Stopover at the Pole fo Inaccessibility
Published on 10.01.2008 - Norwegian-US Scientific Traverse of East Antarctica
Everything is going incredibly smoothly for this joint US-Norwegian scientific expedition. The convoy continues to advance at a speed not far off a hundred kilometres a day. Along the way, they stopped at the famous Pole of Inaccessibility.
The expedition has now progressed without much problem to 82°06585 S / 54°8892 E, i.e. the Pole of Inaccessibility, which is probably the most out-of-the-way and least visited place on the planet.
In his daily report, Jan Gunnar explained a very interesting point. It should be remembered first and foremost that the Pole of Inaccessibility is one of the highest locations in Antarctica, at an altitude of 3 730 metres above sea level. This is what the expedition leader wrote: "Because of the rotation of Earth, the atmosphere is thinner near the poles than near the Equator and middle latitudes. This thinner atmosphere means high latitudes also have lower atmospheric pressure and significantly less oxygen than at the same elevation at lower latitudes. For example, we are now at 3700 meters (above sea level, and this corresponds to more than 4400 meters (14,400 feet) in other areas of the world. Today we calculated the amount of oxygen we have to be about 53 % of that at sea level. It is like breathing with one lung, and feels that way too! We breathe like walruses after short walks, and gasp desperately for air when we are doing hard physical work! We have been at this elevation for weeks now, and still have not fully acclimatized!"
The expedition halted for 4 days at the Pole of Inaccessibility, making it the third extended stop for scientific purposes since they set out from Troll on 16th November 2007. There was enough time to conduct a deep drill down to a depth of 90 metres (the fourth since the beginning of their trip), as well as take a number of scientific readings and set up a weather station.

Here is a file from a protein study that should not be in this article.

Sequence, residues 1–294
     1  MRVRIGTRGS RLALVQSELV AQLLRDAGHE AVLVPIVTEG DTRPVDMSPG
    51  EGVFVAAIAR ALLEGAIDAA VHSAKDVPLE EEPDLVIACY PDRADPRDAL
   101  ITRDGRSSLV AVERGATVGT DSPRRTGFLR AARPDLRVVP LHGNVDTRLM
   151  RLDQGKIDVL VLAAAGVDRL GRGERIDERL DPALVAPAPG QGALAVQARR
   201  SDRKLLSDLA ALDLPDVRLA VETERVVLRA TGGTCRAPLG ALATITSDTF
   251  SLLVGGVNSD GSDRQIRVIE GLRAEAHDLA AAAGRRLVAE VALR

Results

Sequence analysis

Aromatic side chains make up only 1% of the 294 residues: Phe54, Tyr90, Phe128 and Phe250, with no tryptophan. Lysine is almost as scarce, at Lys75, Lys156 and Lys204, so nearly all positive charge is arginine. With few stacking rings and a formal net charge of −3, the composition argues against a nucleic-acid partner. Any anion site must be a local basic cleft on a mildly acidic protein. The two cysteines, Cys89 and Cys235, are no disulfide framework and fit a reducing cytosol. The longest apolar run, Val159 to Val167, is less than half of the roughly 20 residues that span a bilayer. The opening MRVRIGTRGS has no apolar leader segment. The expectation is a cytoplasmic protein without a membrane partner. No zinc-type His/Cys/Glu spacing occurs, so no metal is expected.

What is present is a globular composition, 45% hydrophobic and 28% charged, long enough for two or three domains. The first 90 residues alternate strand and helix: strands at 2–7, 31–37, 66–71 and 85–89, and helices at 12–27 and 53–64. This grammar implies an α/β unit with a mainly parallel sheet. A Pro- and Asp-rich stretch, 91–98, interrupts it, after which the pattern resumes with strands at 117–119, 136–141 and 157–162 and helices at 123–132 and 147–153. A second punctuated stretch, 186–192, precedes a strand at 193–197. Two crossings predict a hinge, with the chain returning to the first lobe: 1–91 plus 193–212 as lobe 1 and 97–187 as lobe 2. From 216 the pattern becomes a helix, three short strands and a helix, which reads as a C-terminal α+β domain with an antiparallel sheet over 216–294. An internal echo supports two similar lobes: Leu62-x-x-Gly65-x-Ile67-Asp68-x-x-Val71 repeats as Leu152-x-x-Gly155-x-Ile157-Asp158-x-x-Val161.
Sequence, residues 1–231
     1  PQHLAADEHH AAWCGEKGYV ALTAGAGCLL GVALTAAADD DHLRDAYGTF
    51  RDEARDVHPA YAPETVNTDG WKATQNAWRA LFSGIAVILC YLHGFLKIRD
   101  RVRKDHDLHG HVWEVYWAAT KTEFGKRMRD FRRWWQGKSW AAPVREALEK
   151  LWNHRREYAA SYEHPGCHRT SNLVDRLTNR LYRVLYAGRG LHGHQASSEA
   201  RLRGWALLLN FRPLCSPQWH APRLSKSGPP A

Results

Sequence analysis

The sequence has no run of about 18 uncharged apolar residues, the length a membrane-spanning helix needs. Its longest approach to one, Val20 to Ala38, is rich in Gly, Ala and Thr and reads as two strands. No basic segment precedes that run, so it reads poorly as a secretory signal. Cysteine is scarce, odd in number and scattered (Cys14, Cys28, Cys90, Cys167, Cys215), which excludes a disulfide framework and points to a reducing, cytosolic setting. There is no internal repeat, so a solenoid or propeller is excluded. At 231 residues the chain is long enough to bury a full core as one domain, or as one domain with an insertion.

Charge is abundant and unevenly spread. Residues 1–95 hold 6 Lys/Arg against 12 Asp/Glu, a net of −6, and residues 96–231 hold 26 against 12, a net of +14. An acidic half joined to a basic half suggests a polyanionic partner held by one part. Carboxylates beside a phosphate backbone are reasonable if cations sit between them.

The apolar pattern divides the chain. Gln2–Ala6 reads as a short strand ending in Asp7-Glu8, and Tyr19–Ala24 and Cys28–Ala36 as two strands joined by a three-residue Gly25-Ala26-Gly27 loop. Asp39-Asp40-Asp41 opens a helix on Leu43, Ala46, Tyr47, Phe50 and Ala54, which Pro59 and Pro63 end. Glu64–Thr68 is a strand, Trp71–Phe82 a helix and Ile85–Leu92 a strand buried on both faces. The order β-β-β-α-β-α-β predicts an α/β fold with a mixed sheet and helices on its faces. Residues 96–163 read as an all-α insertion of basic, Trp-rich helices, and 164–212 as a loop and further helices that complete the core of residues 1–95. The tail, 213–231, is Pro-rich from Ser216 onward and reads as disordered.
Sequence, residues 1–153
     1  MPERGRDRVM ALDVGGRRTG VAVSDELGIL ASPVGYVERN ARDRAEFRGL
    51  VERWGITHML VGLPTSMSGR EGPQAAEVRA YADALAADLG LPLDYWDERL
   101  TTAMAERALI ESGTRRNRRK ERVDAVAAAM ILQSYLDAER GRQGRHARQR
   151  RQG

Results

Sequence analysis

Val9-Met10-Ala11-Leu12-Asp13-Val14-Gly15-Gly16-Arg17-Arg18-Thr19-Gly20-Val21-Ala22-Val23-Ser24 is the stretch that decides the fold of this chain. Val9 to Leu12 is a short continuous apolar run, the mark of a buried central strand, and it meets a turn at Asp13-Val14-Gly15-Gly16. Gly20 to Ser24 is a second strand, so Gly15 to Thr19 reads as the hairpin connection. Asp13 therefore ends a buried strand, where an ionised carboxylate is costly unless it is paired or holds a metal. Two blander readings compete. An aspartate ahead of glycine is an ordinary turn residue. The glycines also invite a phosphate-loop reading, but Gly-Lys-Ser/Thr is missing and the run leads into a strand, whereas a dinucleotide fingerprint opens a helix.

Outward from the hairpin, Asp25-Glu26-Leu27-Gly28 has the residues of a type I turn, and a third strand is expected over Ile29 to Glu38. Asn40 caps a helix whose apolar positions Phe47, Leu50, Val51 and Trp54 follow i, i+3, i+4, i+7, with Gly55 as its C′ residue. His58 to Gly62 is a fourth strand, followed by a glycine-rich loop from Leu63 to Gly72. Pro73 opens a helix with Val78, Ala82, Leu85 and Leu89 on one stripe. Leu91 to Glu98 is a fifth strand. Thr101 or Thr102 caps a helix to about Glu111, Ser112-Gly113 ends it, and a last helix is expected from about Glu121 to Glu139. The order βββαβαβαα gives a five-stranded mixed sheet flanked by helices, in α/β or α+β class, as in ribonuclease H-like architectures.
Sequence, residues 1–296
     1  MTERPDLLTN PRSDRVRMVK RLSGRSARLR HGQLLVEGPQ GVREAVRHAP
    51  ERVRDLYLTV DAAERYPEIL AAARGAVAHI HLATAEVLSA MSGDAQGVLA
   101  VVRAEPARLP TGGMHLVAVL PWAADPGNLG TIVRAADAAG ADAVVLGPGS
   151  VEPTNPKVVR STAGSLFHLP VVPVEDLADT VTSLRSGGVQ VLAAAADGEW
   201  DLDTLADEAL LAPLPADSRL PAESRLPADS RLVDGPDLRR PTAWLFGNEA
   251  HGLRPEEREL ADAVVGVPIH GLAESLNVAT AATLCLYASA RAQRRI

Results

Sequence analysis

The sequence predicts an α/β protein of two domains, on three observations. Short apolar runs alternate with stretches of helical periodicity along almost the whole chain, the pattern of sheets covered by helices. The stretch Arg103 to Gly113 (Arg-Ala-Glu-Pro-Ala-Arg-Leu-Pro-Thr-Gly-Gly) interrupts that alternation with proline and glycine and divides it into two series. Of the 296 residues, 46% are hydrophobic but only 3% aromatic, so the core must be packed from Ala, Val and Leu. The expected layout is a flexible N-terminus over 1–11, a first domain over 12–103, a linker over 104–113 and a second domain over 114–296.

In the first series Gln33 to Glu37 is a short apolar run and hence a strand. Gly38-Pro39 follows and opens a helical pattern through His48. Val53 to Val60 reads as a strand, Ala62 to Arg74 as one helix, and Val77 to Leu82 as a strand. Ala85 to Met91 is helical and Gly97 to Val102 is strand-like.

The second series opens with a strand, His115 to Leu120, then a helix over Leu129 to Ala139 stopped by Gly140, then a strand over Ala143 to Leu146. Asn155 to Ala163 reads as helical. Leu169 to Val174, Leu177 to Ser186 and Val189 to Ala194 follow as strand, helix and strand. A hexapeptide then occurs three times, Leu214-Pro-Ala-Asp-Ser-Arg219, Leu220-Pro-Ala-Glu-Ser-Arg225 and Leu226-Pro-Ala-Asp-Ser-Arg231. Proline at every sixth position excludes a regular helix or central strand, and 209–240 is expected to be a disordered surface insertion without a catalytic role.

The convoy resumed its route towards the South Pole on 5th January and is currently descending to more comfortable altitudes. On 6th January, they found a single ski pole (just one!) sticking out of the snow right in the middle of their path, which immediately made them think of the proverb about finding a needle in a haystack. Even so, to come across a ski pole in a location where no explorer had ever ventured previously started their collective imaginations racing. The scientists took the trouble to examine the object more closely: the ski pole was made in Italy and had a Norwegian label. They haven't exactly launched a competition on the web, but they might as well have done: in view of the sparse details known about the pole, who could the owner possibly have been?
Position of the convoy on 9th January: 84°42978 S / 53°56043 E.